The number of new confirmed cases in test results from Sunday was 739 in Nassau, 1,087 in Suffolk and 3,029 in New York City. Eighty-three people died of the virus in the state on Sunday.

In the city, officials announced that five city hospitals would begin administering the vaccine Monday, followed by 37 more on Tuesday and two more on Wednesday.

The vaccine will be distributed to health care workers including respiratory therapists, ICU nurses and emergency room doctors that intubate patients, city officials said.

"The cavalry is on the way," said Dr. Dave Chokshi, commissioner of the City Department of Health and Mental Hygiene. "It’s good news of course, but we must acknowledge it’s a slow and steady march."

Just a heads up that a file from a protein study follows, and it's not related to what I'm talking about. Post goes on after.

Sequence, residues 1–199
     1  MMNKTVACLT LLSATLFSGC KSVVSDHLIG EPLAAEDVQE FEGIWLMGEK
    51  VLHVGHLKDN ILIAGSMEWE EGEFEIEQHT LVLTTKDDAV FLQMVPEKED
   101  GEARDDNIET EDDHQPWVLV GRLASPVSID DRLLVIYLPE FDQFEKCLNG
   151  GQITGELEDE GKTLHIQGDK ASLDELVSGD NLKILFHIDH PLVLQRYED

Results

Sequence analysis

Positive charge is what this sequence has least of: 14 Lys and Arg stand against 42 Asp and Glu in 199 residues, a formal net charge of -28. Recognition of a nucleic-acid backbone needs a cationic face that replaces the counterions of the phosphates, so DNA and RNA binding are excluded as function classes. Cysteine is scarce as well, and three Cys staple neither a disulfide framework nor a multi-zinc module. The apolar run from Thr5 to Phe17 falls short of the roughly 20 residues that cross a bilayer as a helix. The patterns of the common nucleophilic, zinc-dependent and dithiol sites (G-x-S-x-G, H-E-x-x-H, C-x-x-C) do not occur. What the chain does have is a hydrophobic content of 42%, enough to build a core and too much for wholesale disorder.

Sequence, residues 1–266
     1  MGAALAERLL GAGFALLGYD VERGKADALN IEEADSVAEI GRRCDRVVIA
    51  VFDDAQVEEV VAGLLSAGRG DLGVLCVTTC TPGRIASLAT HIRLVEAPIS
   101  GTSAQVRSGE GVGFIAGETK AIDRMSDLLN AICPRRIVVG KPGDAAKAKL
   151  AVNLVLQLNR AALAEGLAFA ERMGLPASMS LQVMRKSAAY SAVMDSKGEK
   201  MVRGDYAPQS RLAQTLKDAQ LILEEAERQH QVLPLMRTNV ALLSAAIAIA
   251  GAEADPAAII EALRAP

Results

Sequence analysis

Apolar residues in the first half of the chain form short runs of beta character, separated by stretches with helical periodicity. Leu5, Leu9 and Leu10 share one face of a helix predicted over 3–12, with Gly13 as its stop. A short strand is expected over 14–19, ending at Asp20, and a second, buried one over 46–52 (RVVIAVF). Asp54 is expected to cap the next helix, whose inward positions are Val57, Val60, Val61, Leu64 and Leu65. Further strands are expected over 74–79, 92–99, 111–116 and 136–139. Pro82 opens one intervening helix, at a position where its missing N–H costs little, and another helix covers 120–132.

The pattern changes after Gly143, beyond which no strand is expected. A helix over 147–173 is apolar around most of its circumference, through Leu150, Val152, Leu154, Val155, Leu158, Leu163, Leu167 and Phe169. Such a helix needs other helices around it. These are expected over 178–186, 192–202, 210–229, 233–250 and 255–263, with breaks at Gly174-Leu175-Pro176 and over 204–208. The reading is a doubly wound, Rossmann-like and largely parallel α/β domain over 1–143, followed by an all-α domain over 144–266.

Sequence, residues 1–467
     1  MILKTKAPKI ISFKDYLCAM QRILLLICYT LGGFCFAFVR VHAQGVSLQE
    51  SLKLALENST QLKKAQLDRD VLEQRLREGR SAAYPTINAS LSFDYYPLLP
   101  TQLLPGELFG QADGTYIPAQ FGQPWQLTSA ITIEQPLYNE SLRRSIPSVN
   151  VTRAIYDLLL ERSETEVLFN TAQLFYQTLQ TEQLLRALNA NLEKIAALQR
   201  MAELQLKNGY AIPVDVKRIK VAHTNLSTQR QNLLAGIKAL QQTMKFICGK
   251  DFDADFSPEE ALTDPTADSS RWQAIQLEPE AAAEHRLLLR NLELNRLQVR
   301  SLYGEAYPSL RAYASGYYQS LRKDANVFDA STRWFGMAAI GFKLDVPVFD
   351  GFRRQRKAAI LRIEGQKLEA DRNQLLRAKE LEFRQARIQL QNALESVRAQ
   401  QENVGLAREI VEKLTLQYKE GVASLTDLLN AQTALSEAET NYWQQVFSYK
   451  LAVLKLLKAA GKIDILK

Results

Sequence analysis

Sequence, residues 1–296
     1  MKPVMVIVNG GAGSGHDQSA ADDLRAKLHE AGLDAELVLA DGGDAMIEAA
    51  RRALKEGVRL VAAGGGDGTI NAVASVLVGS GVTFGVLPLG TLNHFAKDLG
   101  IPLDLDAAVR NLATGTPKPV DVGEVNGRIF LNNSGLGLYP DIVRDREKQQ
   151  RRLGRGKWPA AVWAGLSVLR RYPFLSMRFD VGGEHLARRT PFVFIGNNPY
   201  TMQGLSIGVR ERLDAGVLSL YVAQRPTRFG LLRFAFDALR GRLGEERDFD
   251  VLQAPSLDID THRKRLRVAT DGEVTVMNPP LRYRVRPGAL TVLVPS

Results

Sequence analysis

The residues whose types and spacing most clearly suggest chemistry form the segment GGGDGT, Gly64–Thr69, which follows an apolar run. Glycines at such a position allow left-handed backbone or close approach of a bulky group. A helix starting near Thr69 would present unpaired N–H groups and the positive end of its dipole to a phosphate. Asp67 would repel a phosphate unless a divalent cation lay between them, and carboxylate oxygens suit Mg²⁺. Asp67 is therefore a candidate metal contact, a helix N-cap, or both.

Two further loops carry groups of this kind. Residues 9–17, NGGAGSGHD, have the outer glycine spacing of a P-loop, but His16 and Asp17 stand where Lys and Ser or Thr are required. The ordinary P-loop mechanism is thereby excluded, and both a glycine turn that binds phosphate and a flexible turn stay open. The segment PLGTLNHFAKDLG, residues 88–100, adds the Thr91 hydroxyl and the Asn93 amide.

Mae Geddis of Roosevelt, a lifelong Long Islander, says she's concerned about...

Mae Geddis of Roosevelt, a lifelong Long Islander, says she's concerned about long-term side effects of the vaccination against coronavirus. Credit: Newsday/J. Conrad Williams Jr.

Mayor Bill de Blasio said: "We are going to be distributing this vaccine quickly and effectively. We are also going to be doing it equitably. We are going to be doing it fairly for the people that need it the most."

While the city’s precise allotment of the Pfizer and Moderna vaccines — which could receive FDA authorization this week — is unknown, Chokshi said the city has been told to plan to plan for approximately 465,000 doses over the first three weeks of distribution.

With Lisa L. Colangelo and David Reich-Hale